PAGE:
I recently acted as a flight instructor for a customer who is learning new avionics (especially an Aspen Evolution PFD and a Garmin GTN750) recently installed in his 1970s vintage Cessna Turbo Centurion (T210).
For more information about logging flight time, see this item here at BruceAir.
Typical autumn weather prevailed in Seattle, so we conducted the entire flight under IFR, and we were in the clouds for most of the 1.5 hour flight. The owner flew two ILS approaches and one RNAV (GPS) procedure with LPV minimums. We also flew a hold-in-lieu of a procedure turn (see AIM 5-4-9).
Now, IFR pilots generally must meet the requirements of 14 CFR 61.57(c) to maintain their IFR currency. That regulation states:
…(c) Instrument experience. Except as provided in paragraph (e) of this section, a person may act as pilot in command under IFR or weather conditions less than the minimums prescribed for VFR only if:
…Within the 6 calendar months preceding the month of the flight, that person performed and logged at least the following tasks and iterations in an airplane, powered-lift, helicopter, or airship, as appropriate,…
(i) Six instrument approaches.
(ii) Holding procedures and tasks.
(iii) Intercepting and tracking courses through the use of navigational electronic systems.
The question, often asked, is whether I, as the flight instructor, can log the approaches flown by the owner. FAA issued a legal interpretation on this specific issue in 2008 (Levy 2008). (You can search the FAA website for legal interpretations here.)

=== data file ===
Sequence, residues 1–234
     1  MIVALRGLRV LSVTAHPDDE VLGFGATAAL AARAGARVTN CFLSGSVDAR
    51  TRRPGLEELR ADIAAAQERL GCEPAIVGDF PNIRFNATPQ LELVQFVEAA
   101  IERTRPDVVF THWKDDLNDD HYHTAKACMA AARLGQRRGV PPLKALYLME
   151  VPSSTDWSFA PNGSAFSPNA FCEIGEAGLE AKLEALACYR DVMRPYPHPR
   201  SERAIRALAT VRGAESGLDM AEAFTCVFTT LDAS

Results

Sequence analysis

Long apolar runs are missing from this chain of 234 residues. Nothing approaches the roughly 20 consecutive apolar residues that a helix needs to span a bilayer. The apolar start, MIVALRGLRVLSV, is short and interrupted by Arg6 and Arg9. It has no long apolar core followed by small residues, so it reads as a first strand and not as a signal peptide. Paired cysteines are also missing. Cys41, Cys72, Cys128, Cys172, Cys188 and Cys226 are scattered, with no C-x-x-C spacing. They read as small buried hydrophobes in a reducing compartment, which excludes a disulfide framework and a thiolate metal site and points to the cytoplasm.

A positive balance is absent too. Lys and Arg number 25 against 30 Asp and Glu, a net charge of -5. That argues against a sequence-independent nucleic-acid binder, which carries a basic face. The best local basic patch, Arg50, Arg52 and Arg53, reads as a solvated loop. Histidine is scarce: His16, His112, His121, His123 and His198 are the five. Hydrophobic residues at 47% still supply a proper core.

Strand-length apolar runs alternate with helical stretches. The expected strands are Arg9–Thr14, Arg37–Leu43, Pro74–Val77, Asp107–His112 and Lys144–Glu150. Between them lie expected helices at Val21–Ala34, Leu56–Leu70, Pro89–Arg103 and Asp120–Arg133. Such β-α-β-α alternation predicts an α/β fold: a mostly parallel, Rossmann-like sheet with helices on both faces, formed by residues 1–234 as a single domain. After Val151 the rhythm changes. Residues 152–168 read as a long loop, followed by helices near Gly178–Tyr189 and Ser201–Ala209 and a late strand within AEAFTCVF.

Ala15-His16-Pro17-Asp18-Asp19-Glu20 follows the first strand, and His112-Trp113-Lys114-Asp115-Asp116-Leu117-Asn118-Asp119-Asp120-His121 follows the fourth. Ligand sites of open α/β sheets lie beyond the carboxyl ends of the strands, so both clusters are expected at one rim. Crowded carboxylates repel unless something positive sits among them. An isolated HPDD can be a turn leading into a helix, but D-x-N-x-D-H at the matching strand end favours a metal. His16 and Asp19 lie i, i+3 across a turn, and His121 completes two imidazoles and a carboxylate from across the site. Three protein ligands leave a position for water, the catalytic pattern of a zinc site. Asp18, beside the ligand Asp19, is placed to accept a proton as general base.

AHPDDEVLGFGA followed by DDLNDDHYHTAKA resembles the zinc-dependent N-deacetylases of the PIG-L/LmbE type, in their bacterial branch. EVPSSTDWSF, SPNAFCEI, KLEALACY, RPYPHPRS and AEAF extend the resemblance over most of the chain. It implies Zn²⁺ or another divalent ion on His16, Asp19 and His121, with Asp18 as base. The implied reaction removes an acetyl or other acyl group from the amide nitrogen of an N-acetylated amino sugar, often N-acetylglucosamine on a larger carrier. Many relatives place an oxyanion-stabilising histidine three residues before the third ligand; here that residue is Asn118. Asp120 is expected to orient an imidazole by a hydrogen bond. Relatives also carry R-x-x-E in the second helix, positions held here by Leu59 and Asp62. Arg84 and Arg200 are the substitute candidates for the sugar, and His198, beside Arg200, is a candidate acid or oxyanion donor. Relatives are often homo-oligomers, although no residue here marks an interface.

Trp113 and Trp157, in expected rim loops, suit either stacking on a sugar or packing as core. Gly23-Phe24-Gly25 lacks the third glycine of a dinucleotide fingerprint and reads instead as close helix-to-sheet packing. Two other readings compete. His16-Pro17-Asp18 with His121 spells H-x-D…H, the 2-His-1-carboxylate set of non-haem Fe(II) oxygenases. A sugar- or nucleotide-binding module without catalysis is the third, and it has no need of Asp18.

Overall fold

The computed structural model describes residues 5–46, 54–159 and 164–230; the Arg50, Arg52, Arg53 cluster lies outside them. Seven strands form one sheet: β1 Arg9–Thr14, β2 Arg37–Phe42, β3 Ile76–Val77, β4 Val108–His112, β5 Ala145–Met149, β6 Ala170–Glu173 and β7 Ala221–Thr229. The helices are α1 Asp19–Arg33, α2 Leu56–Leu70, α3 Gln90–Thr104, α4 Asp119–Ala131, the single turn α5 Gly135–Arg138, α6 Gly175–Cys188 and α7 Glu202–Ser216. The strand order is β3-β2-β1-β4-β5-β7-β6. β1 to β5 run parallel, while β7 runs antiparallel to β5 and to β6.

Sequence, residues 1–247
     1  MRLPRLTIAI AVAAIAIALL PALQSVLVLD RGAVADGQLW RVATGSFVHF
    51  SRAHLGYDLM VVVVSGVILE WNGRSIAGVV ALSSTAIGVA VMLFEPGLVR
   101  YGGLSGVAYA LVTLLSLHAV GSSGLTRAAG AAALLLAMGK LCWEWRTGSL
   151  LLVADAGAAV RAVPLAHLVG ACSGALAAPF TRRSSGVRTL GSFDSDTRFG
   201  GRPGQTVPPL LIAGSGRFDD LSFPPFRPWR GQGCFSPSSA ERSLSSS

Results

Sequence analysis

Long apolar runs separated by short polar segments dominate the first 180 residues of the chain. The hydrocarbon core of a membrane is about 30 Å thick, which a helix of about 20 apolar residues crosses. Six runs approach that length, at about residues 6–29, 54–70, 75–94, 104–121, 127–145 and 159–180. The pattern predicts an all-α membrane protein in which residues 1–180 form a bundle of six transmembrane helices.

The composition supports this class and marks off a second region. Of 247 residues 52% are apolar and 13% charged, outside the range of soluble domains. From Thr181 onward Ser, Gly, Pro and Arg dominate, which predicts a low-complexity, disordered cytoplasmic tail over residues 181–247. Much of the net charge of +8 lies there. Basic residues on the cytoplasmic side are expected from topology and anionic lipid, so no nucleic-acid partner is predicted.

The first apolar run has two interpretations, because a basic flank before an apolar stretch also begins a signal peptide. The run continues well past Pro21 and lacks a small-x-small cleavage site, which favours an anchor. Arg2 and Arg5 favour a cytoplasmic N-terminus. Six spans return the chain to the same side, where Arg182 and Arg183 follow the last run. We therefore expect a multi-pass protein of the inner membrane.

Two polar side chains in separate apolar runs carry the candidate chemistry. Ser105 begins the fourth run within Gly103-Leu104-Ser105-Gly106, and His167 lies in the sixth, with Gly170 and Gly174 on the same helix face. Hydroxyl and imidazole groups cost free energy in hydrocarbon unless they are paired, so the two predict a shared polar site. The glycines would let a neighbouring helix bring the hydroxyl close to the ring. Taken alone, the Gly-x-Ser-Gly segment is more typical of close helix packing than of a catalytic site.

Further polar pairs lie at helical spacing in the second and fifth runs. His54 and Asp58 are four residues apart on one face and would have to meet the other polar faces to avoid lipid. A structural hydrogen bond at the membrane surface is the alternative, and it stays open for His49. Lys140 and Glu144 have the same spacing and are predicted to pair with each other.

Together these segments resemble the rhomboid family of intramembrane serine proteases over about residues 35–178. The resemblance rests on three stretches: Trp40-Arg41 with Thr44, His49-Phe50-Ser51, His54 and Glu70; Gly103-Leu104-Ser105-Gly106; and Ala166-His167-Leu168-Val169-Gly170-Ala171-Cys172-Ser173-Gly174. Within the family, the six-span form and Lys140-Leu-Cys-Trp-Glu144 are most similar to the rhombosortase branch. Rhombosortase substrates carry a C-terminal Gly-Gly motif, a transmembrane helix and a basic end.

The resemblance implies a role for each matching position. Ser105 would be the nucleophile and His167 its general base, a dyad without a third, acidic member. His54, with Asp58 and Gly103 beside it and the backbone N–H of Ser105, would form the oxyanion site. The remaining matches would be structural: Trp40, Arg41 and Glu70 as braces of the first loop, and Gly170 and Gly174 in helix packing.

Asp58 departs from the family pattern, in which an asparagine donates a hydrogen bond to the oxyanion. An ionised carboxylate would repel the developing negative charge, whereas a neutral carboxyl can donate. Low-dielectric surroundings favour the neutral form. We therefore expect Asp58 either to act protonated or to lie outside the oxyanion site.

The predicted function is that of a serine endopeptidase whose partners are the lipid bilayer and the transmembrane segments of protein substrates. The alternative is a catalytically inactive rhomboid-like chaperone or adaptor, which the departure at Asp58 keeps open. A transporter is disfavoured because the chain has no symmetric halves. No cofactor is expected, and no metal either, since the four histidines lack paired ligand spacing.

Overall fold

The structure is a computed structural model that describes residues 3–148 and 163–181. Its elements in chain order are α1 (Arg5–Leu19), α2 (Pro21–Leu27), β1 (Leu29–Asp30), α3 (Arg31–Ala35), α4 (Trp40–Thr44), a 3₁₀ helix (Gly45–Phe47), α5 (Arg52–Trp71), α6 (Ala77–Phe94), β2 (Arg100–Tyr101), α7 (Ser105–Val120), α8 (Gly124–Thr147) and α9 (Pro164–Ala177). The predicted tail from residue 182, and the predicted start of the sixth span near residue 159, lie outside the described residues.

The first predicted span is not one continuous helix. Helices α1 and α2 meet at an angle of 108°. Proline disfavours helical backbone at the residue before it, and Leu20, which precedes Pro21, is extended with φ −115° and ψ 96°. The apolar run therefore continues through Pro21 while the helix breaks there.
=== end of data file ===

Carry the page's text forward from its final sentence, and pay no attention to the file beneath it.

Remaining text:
The Levy 2008 letter states in part:
Am I correct in understanding that a CFII may log approaches that a student flies when the approaches are conducted in actual instrument conditions? Is there a reference to this anywhere in the rules?
Ref. § 61.51(g)(2); Yes, a CFII may log approaches that a student flies when those approaches are conducted in actual instrument flight conditions. And this would also permit that instructor who is performing as an authorized instructor to “log instrument time when conducting instrument flight instruction in actual instrument flight instructions” and this would count for instrument currency requirements under § 61.67(c).
The letter elaborates by noting that:
The FAA views the instructor’s oversight responsibility when instructing in actual instrument flight conditions to meet the obligation of 61.57(c) to have performed the approaches.
Although the letter does not specifically address the other requirements for IFR currency–holding procedures and tasks and intercepting and tracking courses through the use of navigational electronic systems–the reasoning of the interpretation seems to support allowing an instrument instructor also to log those tasks when the aircraft is operating in actual IMC.
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